Doucebag of the Day: December 12, 2013

From AngelHack CEO Greg Gopman. His company contributes Hackathons to society.

Thanks for that.

The difference is in other cosmopolitan cities, the lower part of society keep to themselves. They sell small trinkets, beg coyly, stay quiet, and generally stay out of your way. They realize it’s a privilege to be in the civilized part of town and view themselves as guests. And that’s okay. 

Green lanes


Green-painted bike lanes accomplish what a white stripe next to the parking lane cannot. They proclaim loudly and clearly that streets are not merely sewers for car traffic, but fully multimodal public spaces. They send the message that drivers are welcome to use roads just like everyone else, but must not expect to have roads completely to themselves.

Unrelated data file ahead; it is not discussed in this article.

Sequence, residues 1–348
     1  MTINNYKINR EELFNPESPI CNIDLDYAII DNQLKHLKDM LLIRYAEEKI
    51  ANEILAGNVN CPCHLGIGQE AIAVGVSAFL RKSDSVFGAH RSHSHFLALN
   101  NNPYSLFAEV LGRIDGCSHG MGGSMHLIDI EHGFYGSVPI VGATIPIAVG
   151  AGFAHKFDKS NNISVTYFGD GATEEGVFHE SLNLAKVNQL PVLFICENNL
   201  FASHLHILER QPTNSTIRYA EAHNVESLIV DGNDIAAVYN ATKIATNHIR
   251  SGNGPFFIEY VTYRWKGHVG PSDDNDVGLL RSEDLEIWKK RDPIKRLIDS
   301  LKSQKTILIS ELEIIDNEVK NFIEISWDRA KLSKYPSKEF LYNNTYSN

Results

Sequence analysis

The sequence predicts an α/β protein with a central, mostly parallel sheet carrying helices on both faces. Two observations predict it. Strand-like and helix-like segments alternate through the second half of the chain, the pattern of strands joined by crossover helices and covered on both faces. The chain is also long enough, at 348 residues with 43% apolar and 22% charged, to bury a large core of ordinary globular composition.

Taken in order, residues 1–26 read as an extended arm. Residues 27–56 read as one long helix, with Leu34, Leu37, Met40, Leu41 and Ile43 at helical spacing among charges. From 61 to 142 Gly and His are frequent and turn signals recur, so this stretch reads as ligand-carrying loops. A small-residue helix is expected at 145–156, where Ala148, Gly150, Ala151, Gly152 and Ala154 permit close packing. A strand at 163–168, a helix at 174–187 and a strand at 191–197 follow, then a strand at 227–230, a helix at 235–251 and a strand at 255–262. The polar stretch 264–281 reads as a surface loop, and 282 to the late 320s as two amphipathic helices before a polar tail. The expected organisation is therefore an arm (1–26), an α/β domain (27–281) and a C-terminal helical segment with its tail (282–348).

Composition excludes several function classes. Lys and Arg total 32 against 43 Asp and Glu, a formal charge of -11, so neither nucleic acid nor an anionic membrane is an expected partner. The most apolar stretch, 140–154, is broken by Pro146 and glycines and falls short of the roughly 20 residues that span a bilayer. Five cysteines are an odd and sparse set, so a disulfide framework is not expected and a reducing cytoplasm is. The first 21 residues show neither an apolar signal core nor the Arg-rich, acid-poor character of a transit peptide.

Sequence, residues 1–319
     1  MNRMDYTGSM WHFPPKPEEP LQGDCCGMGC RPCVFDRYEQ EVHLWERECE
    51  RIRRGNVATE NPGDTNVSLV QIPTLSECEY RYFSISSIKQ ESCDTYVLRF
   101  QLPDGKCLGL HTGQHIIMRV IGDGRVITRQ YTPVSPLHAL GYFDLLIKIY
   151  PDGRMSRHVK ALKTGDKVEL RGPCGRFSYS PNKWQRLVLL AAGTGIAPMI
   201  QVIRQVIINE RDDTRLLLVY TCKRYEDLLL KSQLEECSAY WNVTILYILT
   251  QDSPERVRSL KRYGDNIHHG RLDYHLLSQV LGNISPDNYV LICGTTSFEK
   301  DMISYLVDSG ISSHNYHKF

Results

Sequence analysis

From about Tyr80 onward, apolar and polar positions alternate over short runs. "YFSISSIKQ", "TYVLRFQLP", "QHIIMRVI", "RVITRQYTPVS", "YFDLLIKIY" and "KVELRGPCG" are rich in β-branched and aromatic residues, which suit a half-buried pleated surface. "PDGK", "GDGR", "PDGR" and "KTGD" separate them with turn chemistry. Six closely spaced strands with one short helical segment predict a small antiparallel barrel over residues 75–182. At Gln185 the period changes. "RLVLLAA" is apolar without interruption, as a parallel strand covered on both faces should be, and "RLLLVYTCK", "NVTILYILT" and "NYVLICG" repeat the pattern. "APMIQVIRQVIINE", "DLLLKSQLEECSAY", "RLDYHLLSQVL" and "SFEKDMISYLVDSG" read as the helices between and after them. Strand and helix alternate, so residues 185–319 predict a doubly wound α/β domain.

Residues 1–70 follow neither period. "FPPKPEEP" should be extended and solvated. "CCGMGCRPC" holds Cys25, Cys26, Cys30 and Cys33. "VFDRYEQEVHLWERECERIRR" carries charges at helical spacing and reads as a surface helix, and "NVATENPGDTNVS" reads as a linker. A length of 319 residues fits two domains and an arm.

Ballmer: No chance for the iPhone

Once again a strong iPhone launch, and a chance to revisit another brilliant Steve Ballmer prediction, this time from a 2007 USA Today article. Good thing he’s going.

Now we’ll get a chance to go through this again in phones and music players. There’s no chance that the iPhone is going to get any significant market share. No chance. It’s a $500 subsidized item. They may make a lot of money. But if you actually take a look at the 1.3 billion phones that get sold, I’d prefer to have our software in 60% or 70% or 80% of them, than I would to have 2% or 3%, which is what Apple might get.

flxble wood bike rack


Very cool flexible wood bike rack from Germany. Need to get someone to bring one to IBC. According to the folks at Urban Velo, it’s made out of a single piece of wood:

How Laura Poitras Helped Snowden Spill His Secrets